Moses “Mo” LoBeau is pretty lucky, as far as things go. As a baby, she washed ashore in the little North Carolina town of Tupelo Landing, and was lucky to be found by the Colonel, a man with his own mysterious past, who took her in and raised her as his own. Now a “rising sixth grader”, Mo works part time in the town’s café, hangs around with her best friend Dale, and sends messages in a bottle to her “upstream mother”. But when the murder of a local man upsets the equilibrium of Mo’s life and puts Dale in the hot seat, Mo sets her sights on being a detective, determined to clear Dale’s name and solve the mystery. Along the way she’ll face danger, make alliances, and find out the truth that things (and people) are not always what they seem.
The subject matter of Three Times Lucky is awfully heavy, what with murder, abandoned infants, amnesia and a child accused of a heinous crime, but the remarkable thing about Turnage’s writing is that everything comes across so effortlessly. The language is light and accessible, the characters are true to life and very easy to imagine and, seen through Mo’s eyes, even the weightiest of occurrences can be broken down and approached in Mo’s no-nonsense manner. Though she frets, Mo never seems to lose control, and I loved that about her. The stakes are high for Mo and Dale. Dale’s innocence is questioned, and Mo stands to lose her whole family when things take a turn for the worse. Turnage succeeds wonderfully at ratcheting up the tension to a frenzied peak before the inevitable reveals and conclusion. We don’t get everything we want. Not every mystery is solved (but at the same time, Turnage caps the action perfectly, so that we’re not left with any dangling storylines). I would love if Turnage returns to Tupelo Landing at some time in the future, but for now I’m intensely happy with her first offering, a top-notch pick for mystery lovers, lovers of realistic fiction and fans of enterprising young people the world over.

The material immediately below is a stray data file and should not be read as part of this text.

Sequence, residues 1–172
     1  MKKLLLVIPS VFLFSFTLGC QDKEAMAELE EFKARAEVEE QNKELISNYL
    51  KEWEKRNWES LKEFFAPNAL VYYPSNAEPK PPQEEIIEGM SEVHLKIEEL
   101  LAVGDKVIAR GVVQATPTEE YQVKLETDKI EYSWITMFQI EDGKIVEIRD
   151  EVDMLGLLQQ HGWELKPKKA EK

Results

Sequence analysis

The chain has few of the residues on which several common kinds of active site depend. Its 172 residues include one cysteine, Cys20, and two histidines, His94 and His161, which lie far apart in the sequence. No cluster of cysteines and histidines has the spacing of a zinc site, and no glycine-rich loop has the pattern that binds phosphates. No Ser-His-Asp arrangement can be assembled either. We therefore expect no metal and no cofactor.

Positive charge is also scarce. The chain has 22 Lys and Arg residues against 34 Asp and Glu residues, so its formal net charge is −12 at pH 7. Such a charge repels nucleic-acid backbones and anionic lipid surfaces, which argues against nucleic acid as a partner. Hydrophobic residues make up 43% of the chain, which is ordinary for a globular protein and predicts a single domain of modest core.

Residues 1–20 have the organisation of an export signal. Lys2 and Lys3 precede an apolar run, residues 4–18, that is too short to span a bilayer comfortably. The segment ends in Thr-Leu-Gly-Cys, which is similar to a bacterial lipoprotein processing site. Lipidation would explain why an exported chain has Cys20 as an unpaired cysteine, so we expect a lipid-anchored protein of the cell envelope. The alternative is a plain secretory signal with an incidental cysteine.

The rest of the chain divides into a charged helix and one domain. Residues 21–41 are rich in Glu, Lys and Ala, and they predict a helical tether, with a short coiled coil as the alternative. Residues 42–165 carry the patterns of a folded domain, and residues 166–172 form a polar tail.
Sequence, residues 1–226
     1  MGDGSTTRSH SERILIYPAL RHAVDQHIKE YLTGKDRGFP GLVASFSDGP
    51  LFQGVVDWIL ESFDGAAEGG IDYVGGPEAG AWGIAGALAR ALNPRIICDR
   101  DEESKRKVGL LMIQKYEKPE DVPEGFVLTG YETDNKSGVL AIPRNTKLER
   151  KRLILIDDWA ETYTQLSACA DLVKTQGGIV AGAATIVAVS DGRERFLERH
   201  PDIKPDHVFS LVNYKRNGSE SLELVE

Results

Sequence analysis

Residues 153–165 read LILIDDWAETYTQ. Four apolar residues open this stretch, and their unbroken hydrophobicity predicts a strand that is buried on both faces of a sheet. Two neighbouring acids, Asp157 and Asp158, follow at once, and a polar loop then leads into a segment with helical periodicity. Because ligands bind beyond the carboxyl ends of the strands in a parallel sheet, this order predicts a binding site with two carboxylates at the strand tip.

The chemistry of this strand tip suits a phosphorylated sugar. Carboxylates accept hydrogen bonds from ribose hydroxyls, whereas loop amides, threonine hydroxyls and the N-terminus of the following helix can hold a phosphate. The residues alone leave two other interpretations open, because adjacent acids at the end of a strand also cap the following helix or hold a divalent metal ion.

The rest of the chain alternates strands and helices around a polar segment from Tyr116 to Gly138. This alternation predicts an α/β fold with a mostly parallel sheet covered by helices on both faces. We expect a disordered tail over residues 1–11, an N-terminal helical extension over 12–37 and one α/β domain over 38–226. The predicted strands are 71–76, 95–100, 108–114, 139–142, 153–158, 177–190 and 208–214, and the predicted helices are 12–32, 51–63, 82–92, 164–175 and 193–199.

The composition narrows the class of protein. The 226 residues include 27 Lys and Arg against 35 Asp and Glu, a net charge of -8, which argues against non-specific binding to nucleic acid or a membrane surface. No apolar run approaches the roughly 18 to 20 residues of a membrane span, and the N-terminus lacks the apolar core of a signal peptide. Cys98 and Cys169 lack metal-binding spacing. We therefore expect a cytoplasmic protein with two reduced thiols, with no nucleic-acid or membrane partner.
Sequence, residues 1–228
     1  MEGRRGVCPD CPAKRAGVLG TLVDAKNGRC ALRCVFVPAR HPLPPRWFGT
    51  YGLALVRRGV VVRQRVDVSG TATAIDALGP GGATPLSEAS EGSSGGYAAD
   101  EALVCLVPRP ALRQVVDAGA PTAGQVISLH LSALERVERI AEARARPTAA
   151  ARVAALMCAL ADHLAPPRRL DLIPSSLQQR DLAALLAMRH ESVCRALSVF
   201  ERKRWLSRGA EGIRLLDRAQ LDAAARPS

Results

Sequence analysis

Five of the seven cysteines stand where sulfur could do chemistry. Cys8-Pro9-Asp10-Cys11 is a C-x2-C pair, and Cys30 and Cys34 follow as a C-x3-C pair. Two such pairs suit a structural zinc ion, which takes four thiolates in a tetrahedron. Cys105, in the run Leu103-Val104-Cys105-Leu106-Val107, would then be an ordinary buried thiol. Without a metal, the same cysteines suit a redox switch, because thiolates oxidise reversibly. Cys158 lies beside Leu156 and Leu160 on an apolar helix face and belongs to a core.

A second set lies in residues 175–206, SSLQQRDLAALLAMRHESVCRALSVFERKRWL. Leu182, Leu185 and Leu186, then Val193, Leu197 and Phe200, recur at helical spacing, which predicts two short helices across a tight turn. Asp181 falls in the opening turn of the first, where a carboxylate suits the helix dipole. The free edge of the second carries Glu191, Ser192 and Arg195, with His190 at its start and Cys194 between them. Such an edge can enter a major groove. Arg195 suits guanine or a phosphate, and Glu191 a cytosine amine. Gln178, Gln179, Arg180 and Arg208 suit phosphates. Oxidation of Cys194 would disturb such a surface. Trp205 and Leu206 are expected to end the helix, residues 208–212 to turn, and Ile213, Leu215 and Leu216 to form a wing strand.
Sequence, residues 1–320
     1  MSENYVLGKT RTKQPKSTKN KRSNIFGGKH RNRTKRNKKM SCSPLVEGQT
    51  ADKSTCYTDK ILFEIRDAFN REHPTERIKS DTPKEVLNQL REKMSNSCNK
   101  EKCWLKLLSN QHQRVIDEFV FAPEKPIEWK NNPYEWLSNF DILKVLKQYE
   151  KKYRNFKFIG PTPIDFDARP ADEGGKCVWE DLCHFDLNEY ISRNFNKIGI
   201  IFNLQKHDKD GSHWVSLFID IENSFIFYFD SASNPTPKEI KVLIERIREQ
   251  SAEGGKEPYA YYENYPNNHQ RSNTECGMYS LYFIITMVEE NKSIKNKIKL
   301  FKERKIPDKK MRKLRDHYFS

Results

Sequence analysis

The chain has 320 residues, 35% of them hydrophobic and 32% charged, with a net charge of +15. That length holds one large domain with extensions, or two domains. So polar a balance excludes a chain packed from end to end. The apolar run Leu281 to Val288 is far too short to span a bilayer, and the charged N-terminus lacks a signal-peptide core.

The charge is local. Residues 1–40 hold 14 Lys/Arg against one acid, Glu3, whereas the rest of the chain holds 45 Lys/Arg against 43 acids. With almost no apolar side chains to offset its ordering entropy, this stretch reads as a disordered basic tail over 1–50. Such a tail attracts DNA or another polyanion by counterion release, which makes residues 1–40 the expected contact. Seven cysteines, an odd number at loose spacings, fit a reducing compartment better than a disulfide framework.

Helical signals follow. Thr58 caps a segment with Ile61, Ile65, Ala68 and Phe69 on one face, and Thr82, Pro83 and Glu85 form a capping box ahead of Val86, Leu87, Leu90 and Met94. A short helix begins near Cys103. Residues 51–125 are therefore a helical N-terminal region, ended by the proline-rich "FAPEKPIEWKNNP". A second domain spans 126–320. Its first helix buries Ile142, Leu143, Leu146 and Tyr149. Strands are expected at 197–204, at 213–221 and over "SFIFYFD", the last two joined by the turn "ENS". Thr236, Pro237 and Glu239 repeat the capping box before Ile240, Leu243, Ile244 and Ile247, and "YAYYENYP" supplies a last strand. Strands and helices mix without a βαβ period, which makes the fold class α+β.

Three Times Lucky by Sheila Turnage